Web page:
The book really is a fun one to own… I hope you find one someday… you’ll enjoy it.
      Blessings, Jeanne

  3. Karen D says:

    The purse is absolutely lovely and so intricate in applique! The design is beautiful! I’ve never done needle turn applique, but I know it requires many, many hours to complete.

    Love your Storybook review! I have the Alice doll shown (a Dianna Effner design purchased through Aston Drake). I’ll have to keep my eye on this book. It does look like a nice one to add to my doll sewing library. Thanks for sharing!

    • Jeanne W says:

      HI Karen,
      First of all, thank you for calling it needle turn applique. I had called it reverse applique because I could not remember what Beth called it. As soon as I saw your comment I knew that’s what Beth called it and went back to my post and edited it… so thank you so much!

      Oh how fun that you have the Alice doll like shown in the book… you really would enjoy this book. It has lots of information in it and it makes a good afternoon read…in my opinion…
      Blessings, Jeanne

      • Charlotte Trayer says:

        You are both right! It’s definitely reverse applique (that is, interior parts of the applique are cut and stitched to reveal the background fabric), but a needleturn technique is used to do the stitching. I once took a needleturn class, and you literally turn under the edge with your needle before stitching–different than, say, pressing under the allowance on the seam line and then hand stitching it down.

  4. Totally awesome work that those Hmong women do…the bag is gorgeous….

    And…the book is gorgeous too. It surely must be lovely to look at. I appreciate your sharing it with us.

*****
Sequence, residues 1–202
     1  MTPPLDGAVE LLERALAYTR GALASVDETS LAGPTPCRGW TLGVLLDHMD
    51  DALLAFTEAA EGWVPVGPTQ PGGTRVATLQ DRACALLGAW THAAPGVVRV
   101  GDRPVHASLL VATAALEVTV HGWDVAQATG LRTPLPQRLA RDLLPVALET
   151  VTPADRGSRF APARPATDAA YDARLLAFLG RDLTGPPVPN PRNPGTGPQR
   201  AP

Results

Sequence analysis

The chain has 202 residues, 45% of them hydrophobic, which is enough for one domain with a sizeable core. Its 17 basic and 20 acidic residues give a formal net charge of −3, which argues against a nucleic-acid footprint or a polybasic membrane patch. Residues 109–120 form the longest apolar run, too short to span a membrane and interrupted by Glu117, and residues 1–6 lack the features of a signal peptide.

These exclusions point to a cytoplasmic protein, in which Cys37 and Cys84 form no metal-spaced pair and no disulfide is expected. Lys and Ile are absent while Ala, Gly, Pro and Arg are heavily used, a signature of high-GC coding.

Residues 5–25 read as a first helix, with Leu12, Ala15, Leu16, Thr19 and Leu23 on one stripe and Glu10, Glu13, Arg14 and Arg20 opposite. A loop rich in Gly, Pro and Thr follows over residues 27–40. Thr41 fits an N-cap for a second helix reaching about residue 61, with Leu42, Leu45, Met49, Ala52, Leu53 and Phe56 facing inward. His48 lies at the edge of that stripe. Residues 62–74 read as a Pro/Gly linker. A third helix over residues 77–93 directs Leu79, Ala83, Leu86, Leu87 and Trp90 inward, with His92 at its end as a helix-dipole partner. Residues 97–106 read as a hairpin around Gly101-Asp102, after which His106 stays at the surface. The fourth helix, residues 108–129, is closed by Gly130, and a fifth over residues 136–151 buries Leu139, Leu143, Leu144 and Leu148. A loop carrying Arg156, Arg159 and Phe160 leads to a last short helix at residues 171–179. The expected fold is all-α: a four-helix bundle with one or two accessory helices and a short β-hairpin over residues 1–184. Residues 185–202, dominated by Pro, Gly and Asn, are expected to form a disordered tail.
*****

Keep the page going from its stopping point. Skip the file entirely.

Take care.

    • Jeanne W says:

      HI Becky,
      Yes, AWESOME is the right word to describe what these Hmong women do… I’m glad you enjoyed seeing the work on Beth’s purse…

      It’s my pleasure to pass along what I have and what I enjoy looking at…
      Blessings, Jeanne

  5. Jeanne, thanks for the heads up about Lonnie Phillips book. I found one on Half.com for $8.80, used, plus $3.50 shipping.

    • Jeanne W says:

      HI Sissy,
      Excellent bargain you found there for the money! You’ll enjoy it Sissy… nice to hear from you! I hope you and your hubby are doing well…
      Blessings, Jeanne

  6. Probably 20 years ago when I was teaching, a fellow teacher brought in a huge amount of the Hmong work for sale. I believe they were done by a child’s grandmother. The family was very happy to receive even the small amount of profit. Anyway, I bought several with the idea of making pillows. Never did. Still have the pieces though. Loved the work. In fact, I made a display and an art project to go along for the kids. I’d forgotten all about it.
    Great book review.

    • Jeanne W says:

      HI Joy,
      I guess the Hmong women have been making these kinds of artsy things for a long time. I hope they make enough money to sustain their families…